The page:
• Kyodo News


so that the causal links with it cannot be denied,” the doctor said in the opinion.

The 2005 case involved a 14-year-old male junior high school student in Aichi Prefecture who jumped to his death from an apartment.

In a report on the case by Chugai Pharmaceutical, the doctor who was in charge of the teenager said: “What I can say is that the use (of Tamiflu) might be linked. It is unclear whether the student’s fall was caused by side effects (of the drug).”

In January 2006, the health ministry said that after hearing the opinions of numerous experts, it was “negative” to possible causal relationships between Tamiflu and abnormal behavior.

But the ministry has kept no documents listing the names of the experts or their views.

In March, the ministry was asked by Kyodo News to disclose documents regarding experts’ opinions on the controversial drug. The health ministry replied that although it has interviewed experts and collected their opinions on Tamiflu, no documents recording those opinions exist.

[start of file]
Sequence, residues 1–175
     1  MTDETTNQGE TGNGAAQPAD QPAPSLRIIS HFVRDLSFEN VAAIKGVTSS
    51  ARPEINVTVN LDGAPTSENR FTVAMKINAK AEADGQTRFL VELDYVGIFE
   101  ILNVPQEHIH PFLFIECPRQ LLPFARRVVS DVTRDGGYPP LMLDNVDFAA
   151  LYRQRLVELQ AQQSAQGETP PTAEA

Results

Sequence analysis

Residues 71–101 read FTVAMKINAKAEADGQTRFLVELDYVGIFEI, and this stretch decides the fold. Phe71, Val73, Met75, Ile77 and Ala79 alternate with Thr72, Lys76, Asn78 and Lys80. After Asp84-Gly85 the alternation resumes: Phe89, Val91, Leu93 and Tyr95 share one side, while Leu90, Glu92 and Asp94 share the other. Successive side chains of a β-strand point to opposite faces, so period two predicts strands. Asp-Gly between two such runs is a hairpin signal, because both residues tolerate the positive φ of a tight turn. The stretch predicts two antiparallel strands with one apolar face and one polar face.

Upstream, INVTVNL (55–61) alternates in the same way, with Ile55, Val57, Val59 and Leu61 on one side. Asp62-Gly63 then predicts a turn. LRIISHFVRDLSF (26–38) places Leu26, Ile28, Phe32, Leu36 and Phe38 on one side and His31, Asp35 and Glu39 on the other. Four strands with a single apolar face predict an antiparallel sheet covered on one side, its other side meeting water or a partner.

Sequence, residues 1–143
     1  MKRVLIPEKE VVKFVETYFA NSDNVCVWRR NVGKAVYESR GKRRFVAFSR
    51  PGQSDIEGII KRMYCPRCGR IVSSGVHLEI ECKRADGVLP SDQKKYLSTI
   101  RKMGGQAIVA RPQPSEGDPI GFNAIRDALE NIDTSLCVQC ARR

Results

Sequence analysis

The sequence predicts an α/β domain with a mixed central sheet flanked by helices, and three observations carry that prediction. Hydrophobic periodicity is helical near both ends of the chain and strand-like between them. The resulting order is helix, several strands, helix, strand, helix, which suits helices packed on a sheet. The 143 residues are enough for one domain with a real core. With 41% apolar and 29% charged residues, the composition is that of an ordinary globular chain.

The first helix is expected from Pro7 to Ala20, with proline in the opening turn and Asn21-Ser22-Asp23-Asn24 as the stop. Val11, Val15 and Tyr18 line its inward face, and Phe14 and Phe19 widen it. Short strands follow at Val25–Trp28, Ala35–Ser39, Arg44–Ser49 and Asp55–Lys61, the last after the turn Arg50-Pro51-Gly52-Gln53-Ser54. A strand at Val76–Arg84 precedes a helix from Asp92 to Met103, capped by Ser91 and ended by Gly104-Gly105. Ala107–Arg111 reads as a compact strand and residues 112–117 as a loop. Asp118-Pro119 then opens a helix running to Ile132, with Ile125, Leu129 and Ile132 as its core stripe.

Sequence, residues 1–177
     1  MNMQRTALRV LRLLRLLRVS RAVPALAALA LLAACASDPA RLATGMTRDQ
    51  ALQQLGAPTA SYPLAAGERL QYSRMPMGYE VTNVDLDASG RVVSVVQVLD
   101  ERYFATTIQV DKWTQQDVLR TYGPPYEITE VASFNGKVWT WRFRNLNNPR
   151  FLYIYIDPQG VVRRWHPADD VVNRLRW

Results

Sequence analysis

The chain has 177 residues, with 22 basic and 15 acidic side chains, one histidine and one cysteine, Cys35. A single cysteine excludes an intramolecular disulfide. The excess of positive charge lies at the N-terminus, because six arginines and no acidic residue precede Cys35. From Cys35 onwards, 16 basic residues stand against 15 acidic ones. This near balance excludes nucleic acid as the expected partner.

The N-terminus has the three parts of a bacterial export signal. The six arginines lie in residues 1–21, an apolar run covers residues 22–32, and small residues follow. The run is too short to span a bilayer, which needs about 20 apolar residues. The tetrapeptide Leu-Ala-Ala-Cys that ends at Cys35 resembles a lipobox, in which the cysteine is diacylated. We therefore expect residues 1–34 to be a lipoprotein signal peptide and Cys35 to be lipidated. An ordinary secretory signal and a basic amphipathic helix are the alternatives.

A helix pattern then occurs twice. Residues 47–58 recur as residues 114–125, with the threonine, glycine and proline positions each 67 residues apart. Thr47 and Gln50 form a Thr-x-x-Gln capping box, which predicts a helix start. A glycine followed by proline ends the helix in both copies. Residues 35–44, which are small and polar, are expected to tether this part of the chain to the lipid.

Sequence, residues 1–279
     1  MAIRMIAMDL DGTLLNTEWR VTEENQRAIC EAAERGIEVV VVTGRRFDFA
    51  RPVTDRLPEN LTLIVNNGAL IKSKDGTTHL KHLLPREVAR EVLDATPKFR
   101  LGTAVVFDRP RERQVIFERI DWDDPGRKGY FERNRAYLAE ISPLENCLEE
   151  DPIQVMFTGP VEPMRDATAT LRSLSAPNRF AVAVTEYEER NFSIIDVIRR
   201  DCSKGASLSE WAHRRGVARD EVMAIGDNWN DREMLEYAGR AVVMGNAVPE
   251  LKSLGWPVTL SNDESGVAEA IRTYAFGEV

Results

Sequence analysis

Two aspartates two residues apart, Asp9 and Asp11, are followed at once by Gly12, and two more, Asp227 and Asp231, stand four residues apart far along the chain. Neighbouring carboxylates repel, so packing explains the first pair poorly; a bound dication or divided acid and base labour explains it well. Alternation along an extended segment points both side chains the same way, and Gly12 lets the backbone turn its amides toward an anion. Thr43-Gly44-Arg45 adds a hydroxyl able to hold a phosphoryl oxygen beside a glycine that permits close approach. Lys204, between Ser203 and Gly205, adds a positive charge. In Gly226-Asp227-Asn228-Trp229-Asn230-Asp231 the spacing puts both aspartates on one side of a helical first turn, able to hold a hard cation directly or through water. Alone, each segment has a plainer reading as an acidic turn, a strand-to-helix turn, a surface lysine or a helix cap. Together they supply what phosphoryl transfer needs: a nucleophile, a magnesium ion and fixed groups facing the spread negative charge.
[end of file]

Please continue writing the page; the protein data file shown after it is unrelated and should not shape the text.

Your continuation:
After receiving persistent reports of abnormal behavior linked to Tamiflu, the health ministry banned prescription of the drug on March 20 to people aged 10 to 19.

On April 4, the health ministry said that as of March 21, 128 people — predominantly teenagers — had reportedly exhibited abnormal behavior after taking Tamiflu, which went on sale in Japan in February 2001.

Two weeks later, the ministry added 59 others to the list.

Of the 128 cases announced April 4, however, one was found to be unrelated to Tamiflu, bringing the total for suspicious Tamiflu cases to 186, it said.

Earlier this year, two university professors who denied there are causal links between Tamiflu and abnormal behavior were found to have received donations from Chugai Pharmaceutical.

Tamiflu is produced by the Swiss-based pharmaceutical maker F. Hoffmann La Roche Ltd. and imported for sale in Japan by Chugai Pharmaceutical, the Roche group’s Japan unit.

Japan is a major consumer of Tamiflu, known to be an effective drug in containing flu symptoms if taken early. The government is building a stockpile of the drug to prepare for a possible pandemic that may involve a new type of influenza.

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